Eye allergies flare up during the spring, summer, and fall months when the eye is exposed to an allergen, such as pollen. They can occur alone or alongside other allergies, such as nasal. They usually manifest physically with a redness in the white of your eye or your eyelid and can be accompanied by itching, blurry vision, tearing, burning, swollen eyelids and a sensitivity to light.
Eye Allergies Affect How Your Eye Functions
If you are affected by eye allergies, you should be aware of both indoor and outdoor triggers. Indoor triggers include dust, pet dander, and mold. Outdoor triggers are allergens found in nature, such as pollens.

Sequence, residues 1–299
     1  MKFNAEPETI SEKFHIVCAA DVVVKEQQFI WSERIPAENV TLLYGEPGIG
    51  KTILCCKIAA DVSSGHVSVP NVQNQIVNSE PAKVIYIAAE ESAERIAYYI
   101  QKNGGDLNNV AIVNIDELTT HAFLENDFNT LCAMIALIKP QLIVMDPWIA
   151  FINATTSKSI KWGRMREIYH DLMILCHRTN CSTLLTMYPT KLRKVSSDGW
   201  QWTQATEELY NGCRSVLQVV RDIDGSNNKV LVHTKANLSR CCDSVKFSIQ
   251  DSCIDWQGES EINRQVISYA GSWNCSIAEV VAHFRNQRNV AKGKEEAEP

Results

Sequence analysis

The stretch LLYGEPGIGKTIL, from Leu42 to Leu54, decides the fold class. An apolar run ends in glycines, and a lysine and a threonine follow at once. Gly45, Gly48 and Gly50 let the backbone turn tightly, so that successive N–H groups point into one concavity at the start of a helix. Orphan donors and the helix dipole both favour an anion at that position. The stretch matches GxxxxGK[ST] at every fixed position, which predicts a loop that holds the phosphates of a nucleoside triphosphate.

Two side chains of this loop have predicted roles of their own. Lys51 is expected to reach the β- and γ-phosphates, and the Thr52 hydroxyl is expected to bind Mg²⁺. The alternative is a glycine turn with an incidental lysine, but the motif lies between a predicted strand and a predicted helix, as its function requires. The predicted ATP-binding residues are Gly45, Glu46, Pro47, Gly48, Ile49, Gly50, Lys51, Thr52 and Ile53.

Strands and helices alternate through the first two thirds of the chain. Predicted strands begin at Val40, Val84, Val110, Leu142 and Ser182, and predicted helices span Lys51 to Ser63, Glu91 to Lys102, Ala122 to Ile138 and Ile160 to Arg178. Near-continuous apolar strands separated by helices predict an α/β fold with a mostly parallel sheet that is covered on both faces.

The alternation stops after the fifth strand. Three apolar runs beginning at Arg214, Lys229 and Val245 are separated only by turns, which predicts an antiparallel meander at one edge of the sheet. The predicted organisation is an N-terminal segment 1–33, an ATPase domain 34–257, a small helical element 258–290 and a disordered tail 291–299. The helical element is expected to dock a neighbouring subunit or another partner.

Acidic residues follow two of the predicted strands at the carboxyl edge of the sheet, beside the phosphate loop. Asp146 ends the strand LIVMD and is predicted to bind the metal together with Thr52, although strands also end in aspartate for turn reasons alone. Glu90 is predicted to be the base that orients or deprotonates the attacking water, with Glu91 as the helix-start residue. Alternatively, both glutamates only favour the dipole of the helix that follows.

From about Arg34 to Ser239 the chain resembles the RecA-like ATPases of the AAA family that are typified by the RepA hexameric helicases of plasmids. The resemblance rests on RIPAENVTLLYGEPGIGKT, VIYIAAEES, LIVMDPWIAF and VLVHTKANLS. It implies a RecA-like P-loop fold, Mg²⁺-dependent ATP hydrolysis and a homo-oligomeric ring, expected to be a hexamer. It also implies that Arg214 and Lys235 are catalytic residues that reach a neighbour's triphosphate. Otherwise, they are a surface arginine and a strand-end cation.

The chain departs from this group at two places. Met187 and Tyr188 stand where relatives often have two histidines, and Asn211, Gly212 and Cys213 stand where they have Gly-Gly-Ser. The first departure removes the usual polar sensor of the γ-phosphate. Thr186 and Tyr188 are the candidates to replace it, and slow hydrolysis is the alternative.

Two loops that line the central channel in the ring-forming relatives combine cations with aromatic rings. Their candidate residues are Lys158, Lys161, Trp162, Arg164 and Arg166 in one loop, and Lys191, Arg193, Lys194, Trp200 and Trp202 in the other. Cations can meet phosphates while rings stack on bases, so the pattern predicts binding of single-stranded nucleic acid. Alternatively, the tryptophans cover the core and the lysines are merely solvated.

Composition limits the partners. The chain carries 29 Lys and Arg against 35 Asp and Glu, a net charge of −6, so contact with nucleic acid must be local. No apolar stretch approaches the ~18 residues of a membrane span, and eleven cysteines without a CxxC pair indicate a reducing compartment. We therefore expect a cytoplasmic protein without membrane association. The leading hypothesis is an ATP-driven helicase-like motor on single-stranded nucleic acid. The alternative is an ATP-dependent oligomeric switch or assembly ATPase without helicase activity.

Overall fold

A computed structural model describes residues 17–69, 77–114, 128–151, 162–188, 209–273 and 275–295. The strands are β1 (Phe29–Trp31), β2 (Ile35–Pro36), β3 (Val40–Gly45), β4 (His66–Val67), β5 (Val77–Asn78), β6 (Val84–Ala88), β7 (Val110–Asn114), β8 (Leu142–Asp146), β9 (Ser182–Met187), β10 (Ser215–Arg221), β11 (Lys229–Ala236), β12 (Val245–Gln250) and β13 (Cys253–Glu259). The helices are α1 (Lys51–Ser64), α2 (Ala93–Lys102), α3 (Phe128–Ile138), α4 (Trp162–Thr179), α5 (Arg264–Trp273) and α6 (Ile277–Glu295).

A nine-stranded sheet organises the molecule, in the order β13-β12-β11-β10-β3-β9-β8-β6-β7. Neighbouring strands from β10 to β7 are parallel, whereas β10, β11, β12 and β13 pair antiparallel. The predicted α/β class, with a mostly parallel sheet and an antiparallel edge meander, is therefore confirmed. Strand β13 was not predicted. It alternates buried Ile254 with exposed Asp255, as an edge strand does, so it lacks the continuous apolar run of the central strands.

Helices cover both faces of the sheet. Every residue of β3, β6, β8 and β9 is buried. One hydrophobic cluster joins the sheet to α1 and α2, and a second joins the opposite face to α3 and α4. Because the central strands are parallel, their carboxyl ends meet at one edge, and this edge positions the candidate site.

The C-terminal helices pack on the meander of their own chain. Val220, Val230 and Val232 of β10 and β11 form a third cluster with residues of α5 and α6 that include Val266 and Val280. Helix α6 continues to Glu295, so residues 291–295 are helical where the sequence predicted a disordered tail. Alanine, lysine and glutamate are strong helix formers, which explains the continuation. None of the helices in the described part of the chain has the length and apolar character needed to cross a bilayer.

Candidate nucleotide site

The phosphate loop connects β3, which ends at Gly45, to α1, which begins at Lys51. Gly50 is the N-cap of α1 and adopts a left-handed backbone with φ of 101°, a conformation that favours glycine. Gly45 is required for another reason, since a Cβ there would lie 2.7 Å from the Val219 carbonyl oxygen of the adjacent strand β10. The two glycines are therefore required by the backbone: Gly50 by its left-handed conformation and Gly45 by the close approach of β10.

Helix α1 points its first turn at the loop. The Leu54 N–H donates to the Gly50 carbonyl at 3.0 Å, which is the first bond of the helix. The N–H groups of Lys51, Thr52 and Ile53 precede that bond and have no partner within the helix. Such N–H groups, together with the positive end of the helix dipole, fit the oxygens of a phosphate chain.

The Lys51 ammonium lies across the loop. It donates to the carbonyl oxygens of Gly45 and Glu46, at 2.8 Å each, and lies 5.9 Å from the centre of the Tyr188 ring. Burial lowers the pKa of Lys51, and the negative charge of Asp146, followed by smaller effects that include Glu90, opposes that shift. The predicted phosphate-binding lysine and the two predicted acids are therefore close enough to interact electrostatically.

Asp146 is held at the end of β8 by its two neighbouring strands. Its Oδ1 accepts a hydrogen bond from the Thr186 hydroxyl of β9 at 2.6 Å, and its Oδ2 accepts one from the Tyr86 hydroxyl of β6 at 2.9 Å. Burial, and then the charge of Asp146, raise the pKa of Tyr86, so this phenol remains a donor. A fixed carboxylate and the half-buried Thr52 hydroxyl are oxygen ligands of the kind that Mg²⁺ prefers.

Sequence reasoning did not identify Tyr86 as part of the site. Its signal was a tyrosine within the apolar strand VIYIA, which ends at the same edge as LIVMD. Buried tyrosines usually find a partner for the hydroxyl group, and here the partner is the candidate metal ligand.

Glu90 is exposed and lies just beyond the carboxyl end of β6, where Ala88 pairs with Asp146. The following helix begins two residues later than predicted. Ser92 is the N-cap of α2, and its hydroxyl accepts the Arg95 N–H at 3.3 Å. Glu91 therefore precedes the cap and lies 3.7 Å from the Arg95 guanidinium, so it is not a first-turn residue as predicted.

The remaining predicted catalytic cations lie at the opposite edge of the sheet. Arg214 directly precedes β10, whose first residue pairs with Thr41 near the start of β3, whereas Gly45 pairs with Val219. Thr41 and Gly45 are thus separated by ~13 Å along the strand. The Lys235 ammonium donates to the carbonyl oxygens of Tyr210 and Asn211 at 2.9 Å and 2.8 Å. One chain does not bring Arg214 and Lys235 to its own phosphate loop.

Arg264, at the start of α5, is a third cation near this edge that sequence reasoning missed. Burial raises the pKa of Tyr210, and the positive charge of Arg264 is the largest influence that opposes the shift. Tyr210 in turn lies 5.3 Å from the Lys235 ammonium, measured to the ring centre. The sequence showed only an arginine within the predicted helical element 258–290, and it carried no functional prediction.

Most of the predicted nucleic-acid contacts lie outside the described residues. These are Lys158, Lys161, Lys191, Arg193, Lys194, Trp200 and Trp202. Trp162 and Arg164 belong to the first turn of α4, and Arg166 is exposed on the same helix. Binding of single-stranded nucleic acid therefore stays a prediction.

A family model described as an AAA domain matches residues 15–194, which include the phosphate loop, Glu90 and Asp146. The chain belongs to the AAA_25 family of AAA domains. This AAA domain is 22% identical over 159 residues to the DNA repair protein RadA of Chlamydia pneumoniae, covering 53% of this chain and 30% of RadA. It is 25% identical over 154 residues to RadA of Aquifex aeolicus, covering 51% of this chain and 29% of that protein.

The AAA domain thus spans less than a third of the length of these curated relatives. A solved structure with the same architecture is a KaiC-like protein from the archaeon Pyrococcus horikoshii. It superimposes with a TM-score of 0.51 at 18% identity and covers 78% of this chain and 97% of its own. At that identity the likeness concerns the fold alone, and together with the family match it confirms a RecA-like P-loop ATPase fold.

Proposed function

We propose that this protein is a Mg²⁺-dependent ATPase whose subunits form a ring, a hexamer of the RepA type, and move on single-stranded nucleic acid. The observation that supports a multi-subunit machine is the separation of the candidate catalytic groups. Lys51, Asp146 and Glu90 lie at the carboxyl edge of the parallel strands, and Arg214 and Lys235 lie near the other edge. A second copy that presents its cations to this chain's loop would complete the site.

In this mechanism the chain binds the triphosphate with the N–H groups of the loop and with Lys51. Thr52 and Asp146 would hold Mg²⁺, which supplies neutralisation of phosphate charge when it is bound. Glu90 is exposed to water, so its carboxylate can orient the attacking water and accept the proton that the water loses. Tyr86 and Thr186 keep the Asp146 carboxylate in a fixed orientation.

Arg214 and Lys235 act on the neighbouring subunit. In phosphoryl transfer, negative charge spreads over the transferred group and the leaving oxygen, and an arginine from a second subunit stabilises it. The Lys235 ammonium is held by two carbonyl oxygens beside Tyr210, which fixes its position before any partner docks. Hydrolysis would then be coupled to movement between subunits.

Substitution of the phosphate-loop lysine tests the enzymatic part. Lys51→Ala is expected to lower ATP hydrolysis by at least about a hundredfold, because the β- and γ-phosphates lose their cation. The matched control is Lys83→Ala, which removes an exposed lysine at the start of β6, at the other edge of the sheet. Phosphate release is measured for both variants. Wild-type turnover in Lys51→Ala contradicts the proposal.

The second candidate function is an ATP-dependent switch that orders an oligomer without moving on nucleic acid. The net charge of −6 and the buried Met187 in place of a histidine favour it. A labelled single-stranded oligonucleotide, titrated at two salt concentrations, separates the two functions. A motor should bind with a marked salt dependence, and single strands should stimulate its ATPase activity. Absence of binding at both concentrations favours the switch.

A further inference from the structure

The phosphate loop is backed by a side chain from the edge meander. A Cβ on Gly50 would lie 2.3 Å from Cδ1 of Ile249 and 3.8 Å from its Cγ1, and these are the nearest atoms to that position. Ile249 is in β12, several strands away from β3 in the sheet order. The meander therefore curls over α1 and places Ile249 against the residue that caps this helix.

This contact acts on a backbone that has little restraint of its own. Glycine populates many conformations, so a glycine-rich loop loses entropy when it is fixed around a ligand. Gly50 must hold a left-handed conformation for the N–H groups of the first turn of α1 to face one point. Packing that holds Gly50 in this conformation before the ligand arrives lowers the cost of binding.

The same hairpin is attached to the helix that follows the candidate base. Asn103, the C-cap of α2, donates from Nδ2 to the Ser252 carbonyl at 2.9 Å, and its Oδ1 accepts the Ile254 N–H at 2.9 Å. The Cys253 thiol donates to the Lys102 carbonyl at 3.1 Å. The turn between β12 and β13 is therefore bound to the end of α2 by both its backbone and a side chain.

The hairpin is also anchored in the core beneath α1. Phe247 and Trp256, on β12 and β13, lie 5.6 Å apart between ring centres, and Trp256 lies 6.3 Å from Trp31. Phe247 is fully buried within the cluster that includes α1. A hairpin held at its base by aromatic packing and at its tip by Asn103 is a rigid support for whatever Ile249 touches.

Additionally, if you are experiencing a flare up, it is important to not touch or rub your eyes. This will only make things worse as it causes the cells to release more of the chemicals that cause your eyes to itch in the first place
Treating Chronic Eye Allergies
There are a number of treatments offered for allergies depending on the type and severity. Our licensed optometrists can help you decide which of the following options fits your individual needs best:
- Eye Drops
- Cell stabilizers and antihistamines prevent the release of chemicals that cause your body/eyes to itch
- Decongestant contract blood vessels, reducing redness
- Liquid drops wash away allergens
- Oral Medication
- Can help control symptoms
- Some have side effects that can dry your eyes out and cause sleepiness or dizziness
- Allergy Shots
- Build up your immune system to have a resistance to the allergens that trigger symptoms
- Option for those with severe allergies